"Why It’s So Exciting That Michael B. Jordan Will Play Johnny Storm In ‘The Fantastic Four’"
CREDIT: AP Images/Richard Shotwell
Rumors surfaced almost a year ago that Michael B. Jordan, who broke out as a young, conflicted drug dealer in The Wire, and has gone on to star in the innovative superhero movie Chronicle and as Oscar Grant in Fruitvale Station, would be cast as Johnny Storm, the flammable superhero in the planned reboot of The Fantastic Four. Late yesterday, that good news became official. Jordan will play Storm, House Of Cards veteran Kate Mara will play his sister, Sue Storm, Miles Teller will play scientist Reed Richards, and Jamie Bell, who is starring in AMC’s new Revolutionary War series Turn, will play Ben Grimm, who is transformed into the Thing.
The first word that Jordan might play Storm riled the same sort of comics purists who got upset that the Thor movies cast a black man (Idris Elba) as a Norse god. I expect their grumblings to resurface, though I’d issue the usual reminder that there’s something screwy in the functioning of an imagination that can stretch to accommodate the idea of a man bursting into flame and into flight, but not that man having dark skin. And of course, whenever fans of comics–a form that constantly puts the reset button on its characters, slingshotting them between worlds and timelines and bodies–dig in their heels on a character’s race, it’s worth asking what reasons, other than tradition, they have on insisting on someone’s whiteness.
I’d argue that we’re in a moment where there is particular value to imagining Johnny Storm as a young black man. Though the depictions of the character have varied across media and over the years, some things tend to stay the same. Johnny Storm is young. Johnny Storm can be somewhat impulsive. Johnny is, in keeping with his super-power, a bit of a hot-head. All of these are characteristics that have been used to justify treating young black men like Jordan Davis and Trayvon Martin as if they’re threatening, as if killing them is a sensible precaution. And now, a young man with all these tendencies will be set up as a superhero. That boldness will be part of that young man’s capacity to save lives, rather than evidence that he’s constantly about to take them.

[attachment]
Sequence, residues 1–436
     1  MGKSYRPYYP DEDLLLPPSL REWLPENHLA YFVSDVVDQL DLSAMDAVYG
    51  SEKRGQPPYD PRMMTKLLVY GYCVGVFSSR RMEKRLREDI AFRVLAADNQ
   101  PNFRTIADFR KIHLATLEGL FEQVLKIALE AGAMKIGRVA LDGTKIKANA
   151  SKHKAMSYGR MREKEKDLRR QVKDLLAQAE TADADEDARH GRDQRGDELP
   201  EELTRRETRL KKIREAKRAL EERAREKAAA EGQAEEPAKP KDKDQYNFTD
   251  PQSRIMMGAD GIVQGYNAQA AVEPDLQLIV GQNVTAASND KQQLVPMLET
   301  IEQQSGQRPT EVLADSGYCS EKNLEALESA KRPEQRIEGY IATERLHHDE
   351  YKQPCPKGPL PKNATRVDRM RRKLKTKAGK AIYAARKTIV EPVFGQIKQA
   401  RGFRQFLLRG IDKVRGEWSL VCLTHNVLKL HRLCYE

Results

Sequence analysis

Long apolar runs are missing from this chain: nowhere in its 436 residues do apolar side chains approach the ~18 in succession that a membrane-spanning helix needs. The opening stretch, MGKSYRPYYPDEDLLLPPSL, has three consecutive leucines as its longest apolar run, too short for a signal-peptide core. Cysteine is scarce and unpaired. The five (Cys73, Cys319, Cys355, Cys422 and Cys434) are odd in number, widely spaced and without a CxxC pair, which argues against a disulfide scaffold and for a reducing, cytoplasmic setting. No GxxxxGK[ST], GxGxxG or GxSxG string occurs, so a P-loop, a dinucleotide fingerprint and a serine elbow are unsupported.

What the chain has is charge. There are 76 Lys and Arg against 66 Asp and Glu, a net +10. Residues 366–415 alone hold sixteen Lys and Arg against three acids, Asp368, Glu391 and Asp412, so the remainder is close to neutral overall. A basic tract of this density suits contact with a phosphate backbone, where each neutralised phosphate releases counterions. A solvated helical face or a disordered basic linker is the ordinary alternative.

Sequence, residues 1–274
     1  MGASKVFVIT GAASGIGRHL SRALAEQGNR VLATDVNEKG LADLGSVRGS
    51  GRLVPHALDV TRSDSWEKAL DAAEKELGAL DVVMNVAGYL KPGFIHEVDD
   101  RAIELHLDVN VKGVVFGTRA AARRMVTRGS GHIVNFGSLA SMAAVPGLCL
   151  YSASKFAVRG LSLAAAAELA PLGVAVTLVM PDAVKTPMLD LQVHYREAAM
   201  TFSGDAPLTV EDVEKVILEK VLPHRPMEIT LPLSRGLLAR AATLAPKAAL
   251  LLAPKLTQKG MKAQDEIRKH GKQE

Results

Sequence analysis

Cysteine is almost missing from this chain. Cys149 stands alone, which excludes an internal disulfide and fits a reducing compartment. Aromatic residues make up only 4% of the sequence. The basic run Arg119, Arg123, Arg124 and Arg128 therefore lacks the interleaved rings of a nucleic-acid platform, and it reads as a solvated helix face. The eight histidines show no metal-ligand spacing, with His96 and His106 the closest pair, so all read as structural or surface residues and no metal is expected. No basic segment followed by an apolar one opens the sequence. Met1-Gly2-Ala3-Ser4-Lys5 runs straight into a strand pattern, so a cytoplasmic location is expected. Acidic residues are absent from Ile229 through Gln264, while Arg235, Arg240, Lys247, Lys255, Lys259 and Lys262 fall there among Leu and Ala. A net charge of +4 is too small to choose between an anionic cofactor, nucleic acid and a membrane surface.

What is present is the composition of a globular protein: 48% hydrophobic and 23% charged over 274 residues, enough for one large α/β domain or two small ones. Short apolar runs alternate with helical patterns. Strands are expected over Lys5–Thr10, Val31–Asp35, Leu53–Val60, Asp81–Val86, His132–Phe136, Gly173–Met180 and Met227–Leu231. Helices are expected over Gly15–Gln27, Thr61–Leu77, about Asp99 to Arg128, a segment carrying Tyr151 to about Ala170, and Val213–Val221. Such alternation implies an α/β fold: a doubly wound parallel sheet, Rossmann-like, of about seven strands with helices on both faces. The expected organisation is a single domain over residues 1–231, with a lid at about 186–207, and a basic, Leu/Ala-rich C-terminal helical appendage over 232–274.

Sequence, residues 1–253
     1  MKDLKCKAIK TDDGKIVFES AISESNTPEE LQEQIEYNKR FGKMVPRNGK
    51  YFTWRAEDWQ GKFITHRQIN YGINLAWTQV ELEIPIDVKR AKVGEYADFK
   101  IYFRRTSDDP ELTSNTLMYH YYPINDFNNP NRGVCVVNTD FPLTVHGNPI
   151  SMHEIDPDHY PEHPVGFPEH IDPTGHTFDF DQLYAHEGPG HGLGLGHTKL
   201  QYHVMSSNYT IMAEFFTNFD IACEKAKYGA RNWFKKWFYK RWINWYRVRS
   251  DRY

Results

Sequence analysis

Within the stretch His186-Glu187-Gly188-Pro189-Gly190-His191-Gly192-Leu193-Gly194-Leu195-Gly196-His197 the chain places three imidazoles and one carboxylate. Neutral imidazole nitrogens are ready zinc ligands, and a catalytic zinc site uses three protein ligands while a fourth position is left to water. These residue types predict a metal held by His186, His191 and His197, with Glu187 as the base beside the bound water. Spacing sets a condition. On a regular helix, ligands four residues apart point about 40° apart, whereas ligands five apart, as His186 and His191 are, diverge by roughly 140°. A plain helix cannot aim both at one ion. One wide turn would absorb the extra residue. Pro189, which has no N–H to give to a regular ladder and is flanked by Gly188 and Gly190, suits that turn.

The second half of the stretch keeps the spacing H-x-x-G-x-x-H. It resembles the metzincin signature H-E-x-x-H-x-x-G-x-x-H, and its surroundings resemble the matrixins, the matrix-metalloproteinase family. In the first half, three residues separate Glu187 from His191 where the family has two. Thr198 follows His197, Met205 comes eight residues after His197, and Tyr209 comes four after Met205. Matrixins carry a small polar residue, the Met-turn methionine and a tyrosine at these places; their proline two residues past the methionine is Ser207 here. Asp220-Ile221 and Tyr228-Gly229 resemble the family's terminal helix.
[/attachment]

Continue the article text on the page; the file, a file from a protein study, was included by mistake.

I also think it’s worth noting the way Jordan got cast. The Hollywood Reporter notes that “the studio has on option on the actor due to his starring in the found footage sci-fi hit Chronicle.” I’m not sure why starring in a superhero movie independent of a franchise would have lead Fox to put an option–or, the ability to hire Jordan at a preset rate–on him for other projects. But it’s important that they did.
Options may limit actors’ abilities to negotiate higher paychecks from project to project. But when a studio puts an option on actor, it’s a notice that they intend to work with that actor again, and it gives them incentives to work with that actor over other actors, because they have a financial rate locked in. Jordan will be great as Johnny Storm. But it’s also significant that he’s reached a point where studios want to lock in the prospect of working him in the future. We talk a lot around these parts about the best way to reach the goal of a more diverse Hollywood, on-screen and off. One way to do that is to stock studios’ option rosters with women and people of color, so when the time comes to cast a superhero or staff the writers’ room of a new show, the easiest thing for them to do is pick someone like Jordan, because the organizations have already done the work of stretching their own imaginations.